HL: About 20 years ago, concern was growing in response to climate studies suggesting that anthropogenic global warming would lead to an increase in extreme events. For the most part, these studies were coming from climatologists who were not familiar with hydrological extremes. Although they were generally referring to increases in extreme precipitation, some people, including the media, were interpreting these studies to mean increases in flooding. Significantly, USGS has daily discharge data for several hundred gauge locations going back more than 60 years. It was possible to do a very detailed analysis of trends; not only in the average or mean flow, but at low and high flows as well. In essence, we looked at trends across the entire range of streamflow, from annual minimum flow to annual maximum flow. In this way, we were able to determine in what part of the flow regime trends may be occurring. It is one thing to say “on average we had an increase in streamflow” but, if that increase is occurring in the annual low flow and not in the annual high flow, such an increase would actually be good news. You would have more water flowing through the system and wouldn’t be paying a “flood penalty” for it. But we didn’t know. Honestly, when we started out we had no clue what we would find because no one had investigated trends in discharge before. Somewhat surprisingly, our results clearly indicated that most of the streams that were having trends were experiencing them in the lower part of the distribution, and nearly all of those trends were positive. Low flows were actually gaining water, which was good news. When we looked at the high flow end of the regime, we found that there were fewer and fewer trends; less than 10 percent of the stations had trends. In other words, 50% of our stream gauges had increases in low flows, while only 7-8% of our stream gauges had trends in high flows, and of these, more were decreases than increases, although the pattern was fairly evenly split. That was a big surprise when the paper first came out because it appeared to go against the conventional wisdom. But it was actually a misperception on the part of some because no one had actually looked at these things before and no one really knew things if things were becoming more extreme hydrologically. Ours was the first paper published on the subject and, since then, there have been numerous papers published and they all found essentially the same thing. We were not an anomaly. Moreover, analyses of databases from around the world were coming to the same conclusion. I noticed that in the IPCC’s 2012 special report on extreme events, they acknowledged no trends were occurring in flooding. Notably, we are seeing increased trends in the cost of these events, but not in the events themselves. The increase in cost is, of course, related to the population and development on flood plains.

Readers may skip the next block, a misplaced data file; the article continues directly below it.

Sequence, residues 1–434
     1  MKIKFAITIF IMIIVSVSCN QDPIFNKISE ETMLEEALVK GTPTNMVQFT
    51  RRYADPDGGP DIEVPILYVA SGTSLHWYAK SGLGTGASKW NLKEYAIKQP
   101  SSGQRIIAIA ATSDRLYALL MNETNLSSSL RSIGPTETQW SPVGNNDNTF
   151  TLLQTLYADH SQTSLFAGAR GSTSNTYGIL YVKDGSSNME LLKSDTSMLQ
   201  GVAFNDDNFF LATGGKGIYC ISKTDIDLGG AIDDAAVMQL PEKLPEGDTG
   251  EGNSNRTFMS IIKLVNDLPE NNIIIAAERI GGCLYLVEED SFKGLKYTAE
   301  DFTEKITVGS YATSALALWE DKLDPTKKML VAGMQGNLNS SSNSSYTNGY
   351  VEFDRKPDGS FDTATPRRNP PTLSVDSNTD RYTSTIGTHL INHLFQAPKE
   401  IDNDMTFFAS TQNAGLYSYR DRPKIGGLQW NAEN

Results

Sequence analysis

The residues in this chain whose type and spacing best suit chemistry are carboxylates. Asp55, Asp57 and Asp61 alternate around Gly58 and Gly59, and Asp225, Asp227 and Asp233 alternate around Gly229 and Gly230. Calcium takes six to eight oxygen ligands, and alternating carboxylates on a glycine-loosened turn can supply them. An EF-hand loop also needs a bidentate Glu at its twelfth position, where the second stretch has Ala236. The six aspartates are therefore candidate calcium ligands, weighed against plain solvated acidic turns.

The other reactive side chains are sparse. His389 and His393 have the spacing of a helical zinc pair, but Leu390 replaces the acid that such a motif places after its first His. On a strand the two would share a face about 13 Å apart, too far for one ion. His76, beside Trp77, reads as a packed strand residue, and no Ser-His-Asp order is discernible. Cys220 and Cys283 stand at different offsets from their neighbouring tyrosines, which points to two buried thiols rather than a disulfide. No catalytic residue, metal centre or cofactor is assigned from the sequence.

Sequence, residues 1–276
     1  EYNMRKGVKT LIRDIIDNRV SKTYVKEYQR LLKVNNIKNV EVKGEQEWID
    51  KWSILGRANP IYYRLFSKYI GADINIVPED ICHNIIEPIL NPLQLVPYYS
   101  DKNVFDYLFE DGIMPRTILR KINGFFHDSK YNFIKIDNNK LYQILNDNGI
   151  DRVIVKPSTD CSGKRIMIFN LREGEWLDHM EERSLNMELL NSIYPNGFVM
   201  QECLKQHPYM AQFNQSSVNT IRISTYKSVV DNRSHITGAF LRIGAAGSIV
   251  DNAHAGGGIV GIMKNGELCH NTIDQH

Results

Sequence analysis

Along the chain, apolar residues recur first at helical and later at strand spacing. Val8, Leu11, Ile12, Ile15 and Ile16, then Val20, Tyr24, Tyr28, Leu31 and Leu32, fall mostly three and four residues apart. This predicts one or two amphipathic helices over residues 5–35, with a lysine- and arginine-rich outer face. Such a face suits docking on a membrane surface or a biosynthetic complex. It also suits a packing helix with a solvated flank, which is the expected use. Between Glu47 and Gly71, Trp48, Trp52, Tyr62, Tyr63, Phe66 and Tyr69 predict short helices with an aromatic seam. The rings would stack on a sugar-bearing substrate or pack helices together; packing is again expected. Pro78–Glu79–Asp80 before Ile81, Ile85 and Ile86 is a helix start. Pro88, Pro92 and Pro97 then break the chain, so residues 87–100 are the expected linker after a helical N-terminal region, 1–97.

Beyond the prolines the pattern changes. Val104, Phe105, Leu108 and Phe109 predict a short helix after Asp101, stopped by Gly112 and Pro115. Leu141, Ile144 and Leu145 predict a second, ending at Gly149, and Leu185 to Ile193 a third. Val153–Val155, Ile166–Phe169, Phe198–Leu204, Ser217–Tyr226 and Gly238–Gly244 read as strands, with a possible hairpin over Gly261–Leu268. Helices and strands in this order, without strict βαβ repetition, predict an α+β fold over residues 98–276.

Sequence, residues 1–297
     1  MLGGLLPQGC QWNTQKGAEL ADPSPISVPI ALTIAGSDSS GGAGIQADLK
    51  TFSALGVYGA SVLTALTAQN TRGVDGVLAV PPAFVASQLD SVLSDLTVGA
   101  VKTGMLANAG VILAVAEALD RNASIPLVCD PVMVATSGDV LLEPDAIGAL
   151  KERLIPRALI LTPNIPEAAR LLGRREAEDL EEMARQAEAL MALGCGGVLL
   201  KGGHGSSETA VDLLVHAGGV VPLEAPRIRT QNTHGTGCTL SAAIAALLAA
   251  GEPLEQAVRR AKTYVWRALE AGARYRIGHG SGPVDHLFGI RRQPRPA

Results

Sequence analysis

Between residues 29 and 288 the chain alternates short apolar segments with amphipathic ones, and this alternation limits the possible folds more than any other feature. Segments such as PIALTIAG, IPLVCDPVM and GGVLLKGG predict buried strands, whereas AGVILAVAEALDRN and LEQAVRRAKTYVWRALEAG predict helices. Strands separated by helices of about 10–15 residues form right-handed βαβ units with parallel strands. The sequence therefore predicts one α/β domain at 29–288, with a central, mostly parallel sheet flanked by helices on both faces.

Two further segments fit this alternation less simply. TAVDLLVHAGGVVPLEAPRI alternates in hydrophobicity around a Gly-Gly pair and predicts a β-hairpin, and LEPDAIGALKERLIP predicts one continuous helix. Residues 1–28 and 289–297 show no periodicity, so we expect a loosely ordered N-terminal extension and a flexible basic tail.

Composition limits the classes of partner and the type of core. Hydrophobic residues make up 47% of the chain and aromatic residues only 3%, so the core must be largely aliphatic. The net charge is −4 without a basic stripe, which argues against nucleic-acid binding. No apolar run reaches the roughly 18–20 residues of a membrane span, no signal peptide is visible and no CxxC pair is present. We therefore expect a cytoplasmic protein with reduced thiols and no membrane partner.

ND: What advice can you offer to early career, young and aspiring hydrologists?